What Happens when Myopia is not Controlled in a Child?

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What Happens when Myopia is not Controlled in a Child?

Myopia refers to a progressive eye disorder that allows patients to see near objects clearly, whereas distant view becomes blurry. It is a pretty common vision disease as almost one in two people suffers from Myopia.

People with Myopia have eyes that are comparatively longer from front to back. In some cases, the cornea has too much of a steep curve. Nearsightedness is a severe condition, especially in children, and can lead to a list of other severe diseases, including blindness, unless treated early.

Here, we discuss in-depth what inability to control Myopia can lead to:

What Causes Myopia?

Various genetic and environmental factors may cause Myopia. Let’s discuss these in-depth down below;

Abnormal Growth of the Eye

Typically, Myopia occurs because the cornea or lens is too curved. As a result, the light fails to focus on the retina. Such cases of Myopia are not progressive, and you can correct them with the help of contact lenses and conventional glasses.

Another common problem that leads to Myopia is elongation in the eye. Here the patients’ lens and cornea are not shaped properly. Again, the light, instead of focusing on the retina, ends up focusing in front of it. Unfortunately, this type of Myopia is progressive and can get worse with time.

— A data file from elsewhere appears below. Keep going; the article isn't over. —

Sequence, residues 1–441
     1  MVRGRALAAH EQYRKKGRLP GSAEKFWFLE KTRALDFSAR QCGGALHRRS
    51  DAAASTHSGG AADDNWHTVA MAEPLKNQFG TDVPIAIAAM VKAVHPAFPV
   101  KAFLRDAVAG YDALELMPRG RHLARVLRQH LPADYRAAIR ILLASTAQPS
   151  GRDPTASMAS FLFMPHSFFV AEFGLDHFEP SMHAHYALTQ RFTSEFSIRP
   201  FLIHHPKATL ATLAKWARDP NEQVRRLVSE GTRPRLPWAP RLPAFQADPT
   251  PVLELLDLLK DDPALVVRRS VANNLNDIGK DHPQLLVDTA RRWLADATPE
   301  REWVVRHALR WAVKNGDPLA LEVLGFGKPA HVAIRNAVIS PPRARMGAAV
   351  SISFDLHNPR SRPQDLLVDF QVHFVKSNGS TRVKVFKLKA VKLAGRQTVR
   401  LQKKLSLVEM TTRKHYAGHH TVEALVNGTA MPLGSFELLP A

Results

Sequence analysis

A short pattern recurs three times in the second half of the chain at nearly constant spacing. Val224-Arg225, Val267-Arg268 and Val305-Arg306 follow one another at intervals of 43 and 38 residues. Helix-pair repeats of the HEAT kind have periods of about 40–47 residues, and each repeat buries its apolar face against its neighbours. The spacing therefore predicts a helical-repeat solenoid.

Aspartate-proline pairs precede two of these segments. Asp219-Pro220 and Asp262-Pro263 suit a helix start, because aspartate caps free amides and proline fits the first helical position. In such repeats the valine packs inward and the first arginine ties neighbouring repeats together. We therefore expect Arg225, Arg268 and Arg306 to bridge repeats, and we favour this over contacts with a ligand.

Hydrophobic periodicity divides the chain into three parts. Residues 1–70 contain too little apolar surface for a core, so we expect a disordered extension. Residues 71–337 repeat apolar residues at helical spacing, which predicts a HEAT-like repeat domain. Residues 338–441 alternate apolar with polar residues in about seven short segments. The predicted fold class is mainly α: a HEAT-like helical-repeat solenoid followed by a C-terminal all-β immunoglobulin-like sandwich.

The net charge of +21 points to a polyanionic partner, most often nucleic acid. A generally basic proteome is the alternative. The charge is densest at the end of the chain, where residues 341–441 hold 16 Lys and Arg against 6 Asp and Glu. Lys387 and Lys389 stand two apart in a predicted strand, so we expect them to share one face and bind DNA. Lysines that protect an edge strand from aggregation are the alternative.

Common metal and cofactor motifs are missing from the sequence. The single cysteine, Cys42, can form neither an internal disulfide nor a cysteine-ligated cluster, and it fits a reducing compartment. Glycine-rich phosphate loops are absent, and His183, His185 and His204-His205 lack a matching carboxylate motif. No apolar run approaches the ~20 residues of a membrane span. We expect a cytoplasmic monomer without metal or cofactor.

Genetics

In most cases, Myopia is hereditary. In fact, research reveals that the risk of Myopia goes up with the number of myopic parents. The results show that;

  • The prevalence of Myopia is 7.6% for non-myopic parents
  • Risk is 14.9% if only one parent is myopic
  • The developmental risk rate is 43.6% if both parents are myopic

Environmental Factors

Research shows that the prevalence of Myopia has risen by 40% over the last 30 years. At the same time, in East Asia, at least 75% of the population is myopic. This dramatic increase in cases of Myopia suggests that Myopia may be increasing due to environmental causes.

These include:

  • Limited exposure to the sun
  • A lot of close work including reading, typing, or lab work
  • Increased screen time

What Happens if Myopia is not Controlled?

Research reveals that people who have moderate Myopia have a greater chance of developing severe eye disorders, including:

  • Double risk of developing glaucoma
  • Triple risk of getting cataracts